As a historical crime writer, I’m naturally interested in the forensic methods and knowledge of earlier times. I try to track down old handbooks on the subject, one such being Henry Cadwalader Chapman’s Manual of Medical Jurisprudence, Insanity and Toxicology. It’s slightly after my period, but a lot of the techniques it discusses were in use during the time I’m concerned with.
Interestingly, the section on medical jurisprudence takes up about 200 pages, and that on toxicology about 80 pages, with a mere 19 given over to the massive subject of insanity. The writer does acknowledge it is an extensive subject and therefore he is only going to limit himself to giving the salient points. But this is presumably intended to be enough to qualify the reader to undertake the following essential task: “Every practitioner should appreciate the importance of the fact that at any moment he may be called upon to visit a person said to have lost his reason, and should be qualified, therefore, to express an opinion as to his sanity.”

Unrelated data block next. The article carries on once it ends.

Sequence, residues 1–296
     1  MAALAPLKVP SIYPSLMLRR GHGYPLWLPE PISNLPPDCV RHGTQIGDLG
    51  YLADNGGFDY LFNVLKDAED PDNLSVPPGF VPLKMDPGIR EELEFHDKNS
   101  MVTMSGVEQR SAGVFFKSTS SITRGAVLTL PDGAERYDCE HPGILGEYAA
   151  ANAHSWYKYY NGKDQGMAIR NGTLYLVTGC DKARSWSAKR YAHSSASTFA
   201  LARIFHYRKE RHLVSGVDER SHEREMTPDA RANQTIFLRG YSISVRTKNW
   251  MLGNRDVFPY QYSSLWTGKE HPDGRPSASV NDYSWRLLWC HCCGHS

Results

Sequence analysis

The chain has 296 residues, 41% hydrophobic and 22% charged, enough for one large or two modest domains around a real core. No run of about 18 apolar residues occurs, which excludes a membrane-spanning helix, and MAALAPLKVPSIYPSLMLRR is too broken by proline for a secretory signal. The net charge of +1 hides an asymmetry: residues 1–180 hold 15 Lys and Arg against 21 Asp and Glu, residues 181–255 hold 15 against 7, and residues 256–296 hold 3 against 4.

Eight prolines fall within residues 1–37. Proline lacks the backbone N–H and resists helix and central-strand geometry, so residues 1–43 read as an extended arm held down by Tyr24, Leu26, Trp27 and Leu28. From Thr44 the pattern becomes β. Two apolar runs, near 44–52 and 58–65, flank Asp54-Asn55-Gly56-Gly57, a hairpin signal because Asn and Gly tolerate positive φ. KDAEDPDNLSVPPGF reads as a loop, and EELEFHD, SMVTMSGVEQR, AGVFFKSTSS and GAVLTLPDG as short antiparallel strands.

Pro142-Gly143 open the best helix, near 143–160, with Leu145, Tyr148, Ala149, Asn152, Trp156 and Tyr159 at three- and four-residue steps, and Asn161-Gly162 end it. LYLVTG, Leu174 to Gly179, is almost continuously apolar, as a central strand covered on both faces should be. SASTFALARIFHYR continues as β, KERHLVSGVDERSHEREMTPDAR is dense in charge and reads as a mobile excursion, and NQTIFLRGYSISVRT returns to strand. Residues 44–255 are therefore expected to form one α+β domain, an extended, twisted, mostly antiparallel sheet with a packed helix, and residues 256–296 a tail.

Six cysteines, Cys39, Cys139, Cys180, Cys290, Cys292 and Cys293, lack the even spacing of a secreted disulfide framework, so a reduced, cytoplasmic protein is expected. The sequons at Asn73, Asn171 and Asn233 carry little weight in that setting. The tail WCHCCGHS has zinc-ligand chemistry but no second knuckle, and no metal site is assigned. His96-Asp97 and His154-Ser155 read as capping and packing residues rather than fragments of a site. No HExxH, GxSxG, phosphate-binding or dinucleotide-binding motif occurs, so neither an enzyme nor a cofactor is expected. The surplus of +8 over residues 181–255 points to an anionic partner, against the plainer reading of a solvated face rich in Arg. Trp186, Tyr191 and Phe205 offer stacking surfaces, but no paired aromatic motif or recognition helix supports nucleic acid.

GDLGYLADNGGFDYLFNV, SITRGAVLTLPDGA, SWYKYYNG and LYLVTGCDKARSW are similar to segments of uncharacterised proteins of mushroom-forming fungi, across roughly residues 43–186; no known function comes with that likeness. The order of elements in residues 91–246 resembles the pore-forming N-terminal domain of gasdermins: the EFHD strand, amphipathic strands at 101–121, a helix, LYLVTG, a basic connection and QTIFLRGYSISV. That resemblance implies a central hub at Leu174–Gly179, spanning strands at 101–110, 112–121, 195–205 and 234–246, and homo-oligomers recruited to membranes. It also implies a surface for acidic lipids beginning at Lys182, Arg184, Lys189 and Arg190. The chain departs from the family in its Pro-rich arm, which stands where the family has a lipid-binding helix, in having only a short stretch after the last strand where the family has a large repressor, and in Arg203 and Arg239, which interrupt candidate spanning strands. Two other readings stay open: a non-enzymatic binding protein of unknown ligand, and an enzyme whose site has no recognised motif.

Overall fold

Thoughtfully Dr Chapman includes some drawings of mad people to assist with this duty. There’s a sketch of someone suffering from “Idiocy”, next to a man with a big forehead, bulging eyes and untidy hair, whose condition is given as “Epileptic mania”.
“Idiots,” explains the good doctor in the accompanying text, “can generally be recognised by the small size of head.” A little further on, he adds: “Idiots are not only characterized by the absence or deficiency of intellectual power, but by undue development of the animal part of their nature, as shown by their filthy habits, gluttony, etc. Upon post-mortem examination, the convolutions and fissures in the brain of an idiot are usually found less numerouos and less complicated in their arrangement than in the brain of an intelligent person.”
I can’t help wondering what he means by that suggestive “etc”.